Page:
H&B crossing the valley along the Nature Trail
Friday morning, we took a beautiful hike through Phobjika Valley which is very wide, and where the cows and the one black necked crane graze together. The expanse of the valley is unusual as most valleys are narrow and steep. The idea was considered to build an airport in the valley which is understandable beacuse of its flat width. But, true to Bhutanese sensibilities, once it was realized that this valley is vital to the endangered black necked cranes, the idea was canned.
After crossing the valley floor, the trail rose into the far mountains and continued up the valley through a lovely woodland with great views of the valley. The walking was cool and easy for Bhutan. Eventually, we arrived at the top of the valley and began a steep ascent up a high hill upon which sits Gantay Gompa, the 3rd oldest gompa in the country.
At Gantey Gompa, we were priviledged to participate in a puja specifically for our group. We each wrote the name of a beloved, with birthdate, on papers that were given to the monks. Inside yet another glorious temple, about 50 monks offered prayers on behalf of all of our beloveds, as
Protective phallus in village near Gantey Gompa
well as all sentient beings. There were chants, drums, bells, big horns, small horns, the whole kit and kaboodle that we had witnessed at Tango Gompa, only this ritual included the more personal element. It was quite an experience.
After the puja, we were all invited to tea in the home of our monk guide, Rinchen's aunt. Gantey Gompa village is where Rinchen grew up, and it was fantastic to be welcomed into a Bhutanese home where we were served either milk tea or the traditional butter tea, along with rice and crackers. Apparently, familes live, essentially, in one room: a kitchen, living area, as well as a sleeping area though there were no signs of beds. Rinchen's aunt was charming and so friendly, just as we experience all Bhutanese we meet.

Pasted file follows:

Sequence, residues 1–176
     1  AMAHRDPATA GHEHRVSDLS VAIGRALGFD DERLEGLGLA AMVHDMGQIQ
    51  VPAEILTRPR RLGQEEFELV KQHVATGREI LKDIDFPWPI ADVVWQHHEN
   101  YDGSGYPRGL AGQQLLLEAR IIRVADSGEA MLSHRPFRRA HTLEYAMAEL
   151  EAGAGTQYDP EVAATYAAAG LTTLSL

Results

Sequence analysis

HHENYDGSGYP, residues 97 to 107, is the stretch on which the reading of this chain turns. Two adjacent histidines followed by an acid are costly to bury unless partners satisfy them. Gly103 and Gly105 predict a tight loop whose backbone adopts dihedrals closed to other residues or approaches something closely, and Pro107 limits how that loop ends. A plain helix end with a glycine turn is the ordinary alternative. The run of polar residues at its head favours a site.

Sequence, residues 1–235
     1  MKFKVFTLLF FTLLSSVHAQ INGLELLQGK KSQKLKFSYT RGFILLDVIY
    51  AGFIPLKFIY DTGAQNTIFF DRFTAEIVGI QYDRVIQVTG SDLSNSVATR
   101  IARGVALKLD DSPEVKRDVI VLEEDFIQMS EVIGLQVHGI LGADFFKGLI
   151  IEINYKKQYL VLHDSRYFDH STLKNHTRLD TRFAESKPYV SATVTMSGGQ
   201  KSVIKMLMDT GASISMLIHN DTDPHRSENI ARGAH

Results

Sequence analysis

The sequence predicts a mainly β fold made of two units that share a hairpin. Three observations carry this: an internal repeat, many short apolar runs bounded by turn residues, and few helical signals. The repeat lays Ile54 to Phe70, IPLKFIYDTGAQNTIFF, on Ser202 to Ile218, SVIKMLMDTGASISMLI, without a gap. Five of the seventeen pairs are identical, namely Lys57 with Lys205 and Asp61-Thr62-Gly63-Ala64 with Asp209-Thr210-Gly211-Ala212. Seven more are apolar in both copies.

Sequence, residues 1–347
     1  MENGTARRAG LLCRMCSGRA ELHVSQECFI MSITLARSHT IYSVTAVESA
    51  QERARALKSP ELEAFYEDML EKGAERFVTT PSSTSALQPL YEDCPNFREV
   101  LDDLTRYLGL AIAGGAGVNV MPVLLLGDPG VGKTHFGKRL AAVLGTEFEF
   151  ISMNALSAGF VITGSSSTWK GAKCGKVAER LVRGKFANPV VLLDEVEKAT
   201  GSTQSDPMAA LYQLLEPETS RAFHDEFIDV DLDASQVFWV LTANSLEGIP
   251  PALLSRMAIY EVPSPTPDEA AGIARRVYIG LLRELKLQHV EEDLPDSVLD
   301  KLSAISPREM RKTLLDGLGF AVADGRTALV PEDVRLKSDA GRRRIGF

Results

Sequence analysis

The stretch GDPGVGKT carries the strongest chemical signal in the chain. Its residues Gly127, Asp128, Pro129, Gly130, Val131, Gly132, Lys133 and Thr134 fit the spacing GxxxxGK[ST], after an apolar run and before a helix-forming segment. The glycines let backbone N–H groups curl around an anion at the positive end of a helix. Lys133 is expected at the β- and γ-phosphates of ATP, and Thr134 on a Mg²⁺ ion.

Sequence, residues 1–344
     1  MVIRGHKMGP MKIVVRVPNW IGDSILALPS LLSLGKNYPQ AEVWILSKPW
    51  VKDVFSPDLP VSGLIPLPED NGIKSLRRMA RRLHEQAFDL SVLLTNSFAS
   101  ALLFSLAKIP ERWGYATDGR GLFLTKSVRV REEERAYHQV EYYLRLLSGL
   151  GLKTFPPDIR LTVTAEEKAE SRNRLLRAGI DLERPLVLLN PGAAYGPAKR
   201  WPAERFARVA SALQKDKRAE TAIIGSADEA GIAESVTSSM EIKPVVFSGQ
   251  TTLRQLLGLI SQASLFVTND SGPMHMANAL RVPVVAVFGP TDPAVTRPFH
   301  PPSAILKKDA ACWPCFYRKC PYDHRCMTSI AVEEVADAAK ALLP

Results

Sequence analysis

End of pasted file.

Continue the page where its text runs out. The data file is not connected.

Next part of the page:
After tea, we hit the road again for a couple of hours along the constant mountain hair-pin roads. The beauty is so spectacular that any possibility of motion sickness dissolves. Deep gorges with clear running streams can be seen below (no guardrails to obstruct the view!), and rock overhangs give just enough clearance to the occasional truck. The terrain seems a mix of the Rockies, Vermont,
and Switzerland with houses dotted on the occasional open green as well as high up on slopes. We passed the sacred roadside spot that can be seen in the film, "Travelers and Magicians" (available on Netflix). A shallow cave, filled with tiny chortens (offerings to the dead) showed ancient likenesses of the Buddha and Padmasambhava, painted on the rock wall.
We stopped for lunch en route, by the impressive Chendebji Chorten dating from the 14th century, that was modeled after the important Boudanath Stupa in Kathmandu. The story goes that a famous guru walked for months from Bhutan to Kathmandu and carved a model of the Nepali chorten into a radish. By the time he made it back to Bhutan, the radish had shriveled, so this chorten looks a little different from the one in Kathmandu!
Another couple of hours driving brought us to Trongsa, the former power center of Bhutan where the 1st king set up his base, as it is located right in the center of the country. Our hotel was situated directly across the valley from Trongsa Dzong, a most spectacular view. A dzong includes an administrative center, as part of their history as strategic
Rinchen's aunt making butter tea
fortresses. A monastary typically occupies the structure as well. In the morning, we visit Trongsa Dzong as well as the old watchtower high above, from which invaders could be detected and repelled. Another amazing day...
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